NEW YORK -- Sold! For $16 million, 620 personal seat licenses for choice spots in the New York Jets' new stadium.
Team executives celebrated Tuesday as they announced the results of an unprecedented online PSL auction, though the nine-day sale occurred as the stock market plunged and more than two-thirds of the seats originally up for bid went unpurchased.
"The fact that the Jets have sold this many seats in a brand-new process, I think is absolutely amazing," team owner Woody Johnson told The Associated Press.
Bidding ended Monday night as the team initially auctioned 2,000 PSLs for the exclusive Coaches Club -- located near the 50-yard line and behind the Jets' bench -- on the ticketing Web site StubHub. It was the first time a U.S. sports team auctioned off PSLs online.
"We thought this was an unprecedented opportunity for fans to buy these seats and they stepped up and bought them," Johnson said. "It kind of validated our thought that there is value to a PSL because people paid a lot of money in the open market in a way that had never been done before."
The average winning bid was $26,000.
Buyers "have the vision to look over this deep valley we're in right now," Johnson said. "They can look out two years and look out for their kids and grandkids that come along and realize that this is kind of a once-in-a-lifetime opportunity to buy something for the long-term."
The highest bid came in the auction's final hours at $82,000 for front-row seats around the 45-yard line.
"That was the cherry on top," said Matt Higgins, the team's executive vice president of business operations.
The next-highest winning bids were: $65,100, $61,100, $60,500 and $55,500, while the lowest was $10,500.
"In terms of what we did, we're very happy with what occurred, extremely happy," Johnson said.
StubHub, an eBay company, also was pleased with the results of the auction after dealing in the past with fixed pricing for events.
"It was unique and groundbreaking, and that was one thing we knew going in and unlike something StubHub had supported in the past," spokesman Sean Pate said. "It was an extremely huge success for us on a number of levels. Certainly, the overall output from the auction and the results that the Jets realized were very exciting for us."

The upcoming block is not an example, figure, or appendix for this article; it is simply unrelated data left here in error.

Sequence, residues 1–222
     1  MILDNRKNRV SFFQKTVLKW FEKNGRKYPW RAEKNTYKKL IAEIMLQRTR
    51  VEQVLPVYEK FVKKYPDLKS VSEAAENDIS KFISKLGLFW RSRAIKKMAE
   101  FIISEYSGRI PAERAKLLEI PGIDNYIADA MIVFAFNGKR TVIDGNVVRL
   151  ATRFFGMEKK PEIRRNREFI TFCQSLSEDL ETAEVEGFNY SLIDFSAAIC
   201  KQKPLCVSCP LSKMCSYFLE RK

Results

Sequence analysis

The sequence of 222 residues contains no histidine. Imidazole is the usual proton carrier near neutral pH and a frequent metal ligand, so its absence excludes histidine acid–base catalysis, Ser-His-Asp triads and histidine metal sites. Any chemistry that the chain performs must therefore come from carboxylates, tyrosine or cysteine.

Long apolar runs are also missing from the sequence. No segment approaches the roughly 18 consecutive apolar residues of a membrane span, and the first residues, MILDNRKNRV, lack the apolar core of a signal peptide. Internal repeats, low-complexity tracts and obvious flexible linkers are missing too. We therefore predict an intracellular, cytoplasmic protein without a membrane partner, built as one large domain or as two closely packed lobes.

Pate said the auction became more manageable when the Jets scaled back on the number of PSLs they made available to bid on. "There was literally a surplus of supplies," he said. "Once it was determined that there was a better opportunity to scale it back, the prices shot up and were very healthy."
The Jets were still analyzing data from the auction and were uncertain of the nature of the winning bidders, but believed it was a mix of fans and corporate buyers.
"The types of fans willing to shell out this kind of money are probably secure, or hopefully secure, with their economic futures and what they have and what they can spend," said Jon Greenberg, executive editor of the Chicago-based Team Marketing Report. "These types of deals aren't for everyone. Obviously, they're not for the average fan."
Given the tough economy, some financial analysts said they'd be surprised if most of the winning bidders weren't corporations.
"They use them for marketing and advertising purposes and as an investment," said Bernard Baumohl, managing director of The Economic Outlook Group in Princeton, N.J. "If there was evidence that it was individuals and not mostly corporations that bid that high, I'd be shocked."
The Jets are offering winning bidders five- and 15-year financing plans to pay for all PSLs, including those that have not yet gone on sale. The team is planning to sell the remaining PSLs over the next several months.
The online event was kicked off at an auction preview party Oct. 16 at The Four Seasons restaurant in Manhattan, where the winning bid for a pair of PSLs on the 50-yard line was $200,000 per seat.
Winning bidders also have to pay $700 for each Jets game ticket, but they'll have the opportunity to leave their seats in the stands and watch the game from a fenced-off section of the field 5 yards behind the Jets' bench, or from a bar and lounge area directly behind them.
"I think you'll really feel like you're part of the team and you're really going to know the coach, really going to know the team," Johnson said. "This is for the fan who wants the best, expects the best and will be getting the best."
In August, the Jets announced their PSL plan, including for seats that weren't in the auction. They'll cost some season-ticket holders between $4,000 and $25,000, but spares 27,000 upper-level seats from the new fee.
"There were fans that have expressed some feelings initially without really knowing that we've left a third of the stadium PSL-less," Johnson said.
The Giants' most expensive PSLs will be sold at $20,000 per seat, but they are imposing a $1,000 fee for the upper-level seats that are spared in the Jets' plan.